A great place where kids may hike in an urban forest and learn about the plant and animal life therein is the Santa Ana Forest, located in Julio E. Monagas National Park in the City of Bayamón, Puerto Rico. Guided hiking tours in such forest may be scheduled through Centro Ambiental Santa Ana (CASA), which mission is to foster nature appreciation through educational and interpretive activities and scientific research. According to Dayamiris Candelario, CASA’s Director and interpretive guide, the Santa Ana Forest is on a piece of land, located in Puerto Rico’s Northern Karst Region, which formed part of Hacienda Santa Ana. The hacienda’s land was acquired by Don Fernando Fernández by the end of the 18th century and was known for its sugarcane plantation and sugar mill, especially during the 19th century.
Currently, Sociedad de Historia Natural de Puerto Rico, a nonprofit organization, administers CASA in collaboration with the Puerto Rico Recreation and Sports Department and the Puerto Rico Interamerican University. CASA was founded in 2006 pursuant to Dr. Frank H. Wadsworth’s vision to provide a natural field laboratory where young people could acquire knowledge about the environment and its organisms. Dr. Wadsworth, known for his research about forests, was one of the founding members of the nonprofit organization behind this project, as stated by CASA’s Director.
During our hiking experience in Santa Ana Forest, we joined a group of very excited 5-6-year-old Girl Scouts whose curiosity and willingness to learn about the forest’s ecosystem surprised us. At the beginning of the tour, Yaritza Bobonis, one of the interpretive guides, emphasized the importance of protecting the natural treasures in the forest as well as in other natural areas.
Yaritza enlightened the kindergarten girls about three Puerto Rico’s native trees. First, she pointed a tree with spines known as sandbox tree (“Molinillo in Spanish) (“Hura crepitans”). She said that birds, such as the Blue-and-Yellow Macaw (“Guacamayo Azulamarillo in Spanish) (“Ara ararauna”), eat the Molinillo’s green round fruit. This fruit caught the attention of the girls.
While the young Girl Scouts stared at the big trees in the forest, the endemic Puerto Rican Woodpecker (“Carpintero de Puerto Rico” in Spanish) (“Melanerpes portoricensis”) sang and welcomed the group. After Yaritza showed an image of this bird, the girls happily sang a song about the woodpecker. They were lovely.
Yaritza pointed the Puerto Rico Royal Palm (“Palma Real de Puerto Rico” in Spanish) (“Roystonea borinquena”), and highlighted that it serves as a protein and vitamin source for birds. The next tree identified by our guide was a very interesting one: the Bay rum tree (“Malagueta” in Spanish) (“Pimenta racemosa”). Yaritza explained that Bay rum leaves are medicinal; and thus, are distilled in alcohol to produce the rubbing alcohol known as “alcoholado”. The leaves smelled like “alcoholado”, which has been used by many generations in Puerto Rico to relieve symptoms associated with headaches, muscular pains and respiratory illnesses.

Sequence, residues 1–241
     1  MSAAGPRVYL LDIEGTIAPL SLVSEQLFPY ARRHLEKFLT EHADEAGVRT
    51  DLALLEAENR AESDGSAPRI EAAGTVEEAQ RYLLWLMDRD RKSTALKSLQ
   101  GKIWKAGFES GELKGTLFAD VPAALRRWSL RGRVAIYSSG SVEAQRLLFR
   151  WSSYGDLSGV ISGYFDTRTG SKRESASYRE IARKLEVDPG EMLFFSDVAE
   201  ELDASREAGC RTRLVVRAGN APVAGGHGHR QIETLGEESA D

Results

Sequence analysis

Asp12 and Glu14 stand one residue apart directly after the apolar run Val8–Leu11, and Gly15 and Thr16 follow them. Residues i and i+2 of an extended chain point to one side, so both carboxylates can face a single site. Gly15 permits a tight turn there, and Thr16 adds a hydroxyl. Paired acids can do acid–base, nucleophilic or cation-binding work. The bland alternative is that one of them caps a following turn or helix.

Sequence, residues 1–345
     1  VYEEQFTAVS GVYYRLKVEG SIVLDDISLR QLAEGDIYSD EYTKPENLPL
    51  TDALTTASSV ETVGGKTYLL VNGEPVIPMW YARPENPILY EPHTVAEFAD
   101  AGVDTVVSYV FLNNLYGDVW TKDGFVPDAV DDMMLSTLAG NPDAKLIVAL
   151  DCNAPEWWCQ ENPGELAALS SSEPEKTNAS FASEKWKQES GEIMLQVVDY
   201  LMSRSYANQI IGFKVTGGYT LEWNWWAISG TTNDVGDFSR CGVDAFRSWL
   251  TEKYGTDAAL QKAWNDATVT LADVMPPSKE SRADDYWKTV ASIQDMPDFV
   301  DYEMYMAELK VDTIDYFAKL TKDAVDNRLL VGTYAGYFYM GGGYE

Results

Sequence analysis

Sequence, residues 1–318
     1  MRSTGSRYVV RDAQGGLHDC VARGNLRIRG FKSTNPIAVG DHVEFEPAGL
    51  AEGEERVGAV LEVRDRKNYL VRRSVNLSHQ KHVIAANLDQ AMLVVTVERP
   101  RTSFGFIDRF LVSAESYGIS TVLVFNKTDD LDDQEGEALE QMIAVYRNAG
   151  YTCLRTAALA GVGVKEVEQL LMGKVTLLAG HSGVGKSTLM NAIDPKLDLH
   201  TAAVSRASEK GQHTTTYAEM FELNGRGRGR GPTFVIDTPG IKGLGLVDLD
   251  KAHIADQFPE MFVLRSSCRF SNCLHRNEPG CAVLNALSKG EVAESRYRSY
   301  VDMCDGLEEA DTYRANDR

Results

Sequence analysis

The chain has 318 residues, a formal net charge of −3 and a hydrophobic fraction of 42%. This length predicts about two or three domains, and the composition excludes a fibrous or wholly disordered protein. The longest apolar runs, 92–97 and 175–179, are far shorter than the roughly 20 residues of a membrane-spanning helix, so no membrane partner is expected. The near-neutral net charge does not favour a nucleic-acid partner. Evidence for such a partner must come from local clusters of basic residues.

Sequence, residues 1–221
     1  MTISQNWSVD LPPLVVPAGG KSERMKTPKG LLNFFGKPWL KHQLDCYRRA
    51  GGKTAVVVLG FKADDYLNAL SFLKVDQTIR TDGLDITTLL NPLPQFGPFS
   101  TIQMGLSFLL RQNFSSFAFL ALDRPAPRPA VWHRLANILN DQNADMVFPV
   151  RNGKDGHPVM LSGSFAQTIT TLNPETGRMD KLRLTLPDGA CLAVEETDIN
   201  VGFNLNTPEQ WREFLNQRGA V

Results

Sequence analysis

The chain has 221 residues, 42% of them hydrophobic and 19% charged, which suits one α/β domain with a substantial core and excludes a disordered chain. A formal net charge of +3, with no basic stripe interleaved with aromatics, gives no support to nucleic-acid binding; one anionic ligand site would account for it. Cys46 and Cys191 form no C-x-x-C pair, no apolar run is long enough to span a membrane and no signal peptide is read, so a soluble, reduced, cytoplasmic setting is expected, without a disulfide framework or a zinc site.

Our next stop was nearby an old building that served as a bunker for U.S. soldiers during the World War II era, as informed by Dayamiris. Dayamiris amazed the girls after telling a legend: that one of the soldiers, who used to walk around this area, was not seen again, and people rumor that when you peek through one of the bunker’s windows, you may listen to the lost soldier’s steps. The intrigued girls had the chance to look through the bunker’s window and see the interior of the old building that used to be storage for U.S. soldiers’ ammunitions.
Then a walking stick dazzled the young girls. Yaritza explained that, as a defense mechanism, the walking stick might stay put among the plants in order to resemble a stick, swing slowly to look as a stick being moved by the breeze, or change its color to green in order to camouflage among the leaves. More information about this insect is provided in the “delve!” subsection.
Afterwards, we kept hiking and stopped to see the flower and seed of the African Tulip tree (“Tulipán Africano” in Spanish) (“Spathodea campanulata”). In order to demonstrate how this seed germinates, Dayamiris asked the girls to stand next to each other and form a circle. She guided them to dramatize the African Tulip seed’s germination and the foliage development. Dayamiris explained that the shade resulting from African Tulip trees contributed to the growth of Puerto Rico’s native trees during a particular period.
By the end of the tour, the guides exhorted the girls and the rest of the group members to relax and listen to nature sounds. After everyone held hands and closed their eyes, the Santa Ana Forest farewelled us.
Hiking tours for groups are available in Santa Ana Forest during the daytime and nighttime, subject to prior reservation. Student and adult groups are welcome. Hiking tours for very young kids may last around one and a half hour, and those for older kids and adults may last around two and a half to three hours. Make sure to contact Centro Ambiental Santa Ana before visiting this natural area. T: 787-778-7140, 787-910-0187 E: firstname.lastname@example.org